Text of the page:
Judge Dan Mancini spices up his look by making a boutonniere an everyday accessory on his old concert T-shirts.
One, two, three, four!
High school band geek Danny Stein (Steven Kaplan, in a fine debut lead performance) is on the hunt for a date to the senior prom. He wants to go with sophomore Alice (Ashley Benson, Bring It On: In It to Win It), but she views him as a big brother. His best friend Camille (Alia Shawkat, Arrested Development) asks him to go with her, but he considers their relationship strictly platonic. Between the tux and limo rentals, Danny has sunk over $600 into prom night, and has no date in sight. And then he finds out he that has to rent a room at the Embassy Suites—has to because even Bart Beeber, the dorkiest kid in school, got a room. Meanwhile, Danny navigates his parents' recent divorce. His mom (Cheryl Hines, Curb Your Enthusiasm) thinks her new boyfriend (Jon Polito, The Man Who Wasn't There) may propose, even though she's more in love with the idea of financial stability than the man himself. Danny's dad (William H. Macy, Fargo) has moved into a low-rent bachelor pad and struggles to make ends meet and to reacquaint himself with the dating scene. If Danny can find the right girl to accompany him to the prom, maybe that one special night can be a single point of stability in his otherwise chaotic life.
The debut feature of writer-director Brian Hecker, Bart Got a Room was tailor-made to slip into the indie sleeper hit space occupied in previous years by Napoleon Dynamite, Little Miss Sunshine, and Juno. It never quite caught on. That's too bad, really, because while Bart Got a Room offers plenty of idiosyncratic characters, it doesn't wallow in the self-conscious quirkiness that has come to define modern independent productions (though William H. Macy's perm makes him look like he'd be right at home in a Jared Hess flick). Hecker's movie is a refreshingly straight-forward and naturalistic indie comedy.
Bart Got a Room's plot is so formulaic that it almost plays like homage to '80s teen comedies like Better Off Dead or Three O'clock High, though it rarely delves into the wild absurdities that are the hallmark of zany teen romantic comedies, and its climax is unconventional in both its earnestly sweet focus on family and its lack of a predictable romantic resolution. When it does dip its toes into the realm of the absurd (as when Danny's father tries to hire a hooker to go to the prom with him), it feels believable because the characters and situations are otherwise realistic. Danny Stein's Jewishness is largely responsible for this fine balance between realism and the absurd. Hecker places his characters within a very specific cultural context without ever really commenting on that culture or making it the butt of jokes. That Danny is Jewish has nothing to do with the universal anxieties he experiences, but it has everything to do with lending his world a lived-in texture and making him a three-dimensional character and an unlikely hero for whom it is easy for us to root.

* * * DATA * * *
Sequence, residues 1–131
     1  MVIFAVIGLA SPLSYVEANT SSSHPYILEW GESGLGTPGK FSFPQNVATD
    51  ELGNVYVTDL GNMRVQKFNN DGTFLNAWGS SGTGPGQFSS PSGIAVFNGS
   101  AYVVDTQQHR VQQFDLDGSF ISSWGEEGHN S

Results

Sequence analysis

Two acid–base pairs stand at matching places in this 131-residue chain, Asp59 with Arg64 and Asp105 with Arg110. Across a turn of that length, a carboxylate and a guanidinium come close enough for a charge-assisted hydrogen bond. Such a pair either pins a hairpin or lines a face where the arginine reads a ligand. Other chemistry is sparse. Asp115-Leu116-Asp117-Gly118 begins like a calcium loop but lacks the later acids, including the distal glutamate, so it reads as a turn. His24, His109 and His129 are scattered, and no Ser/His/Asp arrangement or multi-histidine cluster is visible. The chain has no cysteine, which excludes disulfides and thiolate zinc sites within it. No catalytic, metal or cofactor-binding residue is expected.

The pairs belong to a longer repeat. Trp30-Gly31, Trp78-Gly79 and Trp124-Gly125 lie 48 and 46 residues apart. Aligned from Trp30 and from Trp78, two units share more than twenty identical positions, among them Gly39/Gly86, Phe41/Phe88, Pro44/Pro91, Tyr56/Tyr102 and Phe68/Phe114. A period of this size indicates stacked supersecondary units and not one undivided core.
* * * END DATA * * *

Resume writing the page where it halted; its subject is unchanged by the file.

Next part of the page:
Bart Got a Room's greatest strength is also its greatest weakness. By favoring naturalism over adolescent absurdity, Hecker's movie produces a steady stream of bemused chuckles but nothing in the way of side-splitting laughs. The result is a film that, even at less than 80 minutes, sometimes feels sluggish and too long. Danny Stein is easy to like, but also one of the most stable characters in the movie. So stable, in fact, that we never quite feel that his quest for a prom date is a turning point in his life. Even if the worst were to happen, it's easy to imagine that he'd go on to college and a successful career, and that missing out on a high school dance would become less and less significant when viewed in the rearview mirror of his adult life.
Bart Got a Room comes to DVD in a decent 1.85:1 transfer, enhanced for widescreen displays. The opening credits sequence, set against a bright blue sky with vivid white clouds, looks spectacular. Unfortunately, the rest of the movie doesn't maintain the standard set by the movie's first few minute. Detail varies from quite sharp to slightly fuzzy. Colors are mostly accurate, but reds and oranges tend to be overblown, marring flesh tones. Digital artifacts are minimal. It's not a great transfer, but it's solid. Audio is presented in Dolby 5.1 surround. It's a decent track, limited by its source. Much of the dialogue sounds like it was recorded on set, which helps the mostly naturalistic performances but prevents the mix from achieving pristine perfection. Considering all of the dialogue is perfectly discernible, I think favoring the actors' original performances over ADR polish pays off.
Extras include an in-feature pop-up trivia track and a trailer for the film.
For an indie comedy, Bart Got a Room is refreshingly earnest and intelligent with characters and dialogue that aren't over-written and too precocious by half. It's too bad, then, that the absence of compelling conflict leaves the movie feeling listless and a bit scattered.
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